Is One E-Reader Better for Your Eyes Than Another?

Ryan Whitwam

It’s a brave new frontier in reading. Gone are the days when people hauled around bits of dead trees with words written on them in ink. Okay, maybe those days aren’t over quite yet, but more people than ever are using e-readers of some sort. The question is can your eyes take it ?

The consensus overall is that whatever you’re reading on, real damage to your vision is unlikely. Eink screens like the one found on the Kindle and Nook are considered nearly as good as paper in bright light. However, the contrast ratio is still not as high as paper making them harder to read in low light. Without a backlight there’s little to be done.

Low light settings are just where an LCD based e-reader like the upcoming iPad could shine. Thanks to the backlight, an LCD should be useful in settings with low ambient light. However, in brighter areas the reflectivity of the screen may cause strain. As for the notion that the flickering refresh of an LCD will eventually cause eye strain, Carl Taussig of HP says not so much. “Today’s screens update every eight milliseconds, whereas the human eye is moving at a speed between 10 and 30 milliseconds,” said Taussig.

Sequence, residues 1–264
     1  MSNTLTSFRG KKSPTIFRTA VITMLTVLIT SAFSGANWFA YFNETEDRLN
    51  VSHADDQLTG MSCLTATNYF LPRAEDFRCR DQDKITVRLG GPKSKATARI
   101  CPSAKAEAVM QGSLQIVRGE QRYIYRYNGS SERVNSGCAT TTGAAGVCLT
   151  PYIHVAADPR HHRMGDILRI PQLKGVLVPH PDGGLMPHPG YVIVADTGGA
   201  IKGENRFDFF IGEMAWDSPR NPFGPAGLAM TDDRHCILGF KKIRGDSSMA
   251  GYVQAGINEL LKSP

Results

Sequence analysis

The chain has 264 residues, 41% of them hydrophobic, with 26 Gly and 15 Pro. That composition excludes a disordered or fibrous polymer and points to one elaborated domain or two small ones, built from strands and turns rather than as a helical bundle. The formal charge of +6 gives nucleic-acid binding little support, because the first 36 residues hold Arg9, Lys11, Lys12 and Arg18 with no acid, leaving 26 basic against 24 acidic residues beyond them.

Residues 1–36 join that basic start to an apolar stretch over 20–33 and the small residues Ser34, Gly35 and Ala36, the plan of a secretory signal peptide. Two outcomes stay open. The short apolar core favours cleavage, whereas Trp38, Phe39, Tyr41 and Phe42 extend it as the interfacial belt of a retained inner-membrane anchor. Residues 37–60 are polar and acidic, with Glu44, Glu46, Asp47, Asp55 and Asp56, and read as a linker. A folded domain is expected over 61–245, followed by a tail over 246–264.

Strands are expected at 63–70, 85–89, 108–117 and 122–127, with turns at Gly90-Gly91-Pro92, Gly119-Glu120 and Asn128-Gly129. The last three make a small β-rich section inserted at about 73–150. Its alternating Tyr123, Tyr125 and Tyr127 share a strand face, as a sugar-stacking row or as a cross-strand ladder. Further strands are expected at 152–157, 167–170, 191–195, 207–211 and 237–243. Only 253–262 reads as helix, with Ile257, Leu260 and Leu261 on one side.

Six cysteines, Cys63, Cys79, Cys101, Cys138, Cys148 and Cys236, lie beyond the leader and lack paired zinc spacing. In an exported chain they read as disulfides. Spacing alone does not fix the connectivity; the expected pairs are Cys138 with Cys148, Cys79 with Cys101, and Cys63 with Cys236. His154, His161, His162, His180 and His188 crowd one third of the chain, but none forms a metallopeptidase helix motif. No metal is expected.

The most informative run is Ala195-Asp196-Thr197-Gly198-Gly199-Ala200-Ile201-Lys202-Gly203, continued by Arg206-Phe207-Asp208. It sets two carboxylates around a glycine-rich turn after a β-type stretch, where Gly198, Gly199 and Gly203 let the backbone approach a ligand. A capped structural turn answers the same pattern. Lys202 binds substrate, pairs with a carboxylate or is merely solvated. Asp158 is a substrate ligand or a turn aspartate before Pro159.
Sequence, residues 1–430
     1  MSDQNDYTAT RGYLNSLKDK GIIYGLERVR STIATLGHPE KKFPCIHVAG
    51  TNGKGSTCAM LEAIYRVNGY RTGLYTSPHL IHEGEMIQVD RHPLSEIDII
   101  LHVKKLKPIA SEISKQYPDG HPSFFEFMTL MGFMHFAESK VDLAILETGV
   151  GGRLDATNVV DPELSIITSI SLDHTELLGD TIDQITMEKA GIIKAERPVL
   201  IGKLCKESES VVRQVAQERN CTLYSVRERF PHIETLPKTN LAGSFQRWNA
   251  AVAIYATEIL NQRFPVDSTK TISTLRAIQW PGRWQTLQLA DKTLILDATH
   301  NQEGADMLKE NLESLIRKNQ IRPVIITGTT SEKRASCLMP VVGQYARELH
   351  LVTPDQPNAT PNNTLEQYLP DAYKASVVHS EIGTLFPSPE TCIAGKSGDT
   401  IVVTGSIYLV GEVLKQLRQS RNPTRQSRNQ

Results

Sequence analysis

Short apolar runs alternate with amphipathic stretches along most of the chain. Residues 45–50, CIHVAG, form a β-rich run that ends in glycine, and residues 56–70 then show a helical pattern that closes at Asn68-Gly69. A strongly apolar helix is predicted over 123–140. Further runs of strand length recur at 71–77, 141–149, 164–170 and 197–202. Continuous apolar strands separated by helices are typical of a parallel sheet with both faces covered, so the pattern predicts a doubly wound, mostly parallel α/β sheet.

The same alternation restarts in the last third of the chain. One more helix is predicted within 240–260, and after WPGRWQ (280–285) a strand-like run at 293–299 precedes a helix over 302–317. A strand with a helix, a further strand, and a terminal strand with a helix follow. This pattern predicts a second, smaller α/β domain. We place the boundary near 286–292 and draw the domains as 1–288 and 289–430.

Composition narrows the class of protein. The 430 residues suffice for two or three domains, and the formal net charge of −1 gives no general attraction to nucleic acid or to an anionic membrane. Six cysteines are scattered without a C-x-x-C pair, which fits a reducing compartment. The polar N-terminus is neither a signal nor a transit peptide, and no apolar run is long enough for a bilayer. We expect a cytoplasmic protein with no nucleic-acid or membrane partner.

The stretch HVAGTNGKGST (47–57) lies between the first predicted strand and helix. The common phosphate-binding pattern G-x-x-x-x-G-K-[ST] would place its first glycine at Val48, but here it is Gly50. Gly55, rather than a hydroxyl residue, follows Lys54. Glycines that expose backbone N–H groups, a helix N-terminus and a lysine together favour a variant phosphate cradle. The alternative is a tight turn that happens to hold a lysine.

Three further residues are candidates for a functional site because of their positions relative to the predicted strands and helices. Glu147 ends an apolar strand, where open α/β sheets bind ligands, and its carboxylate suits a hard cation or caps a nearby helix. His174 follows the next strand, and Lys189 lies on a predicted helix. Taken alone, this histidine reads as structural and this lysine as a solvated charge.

All the experts agree on this: use the reading surface that works best for you. They all have their strengths, so the choice is yours.

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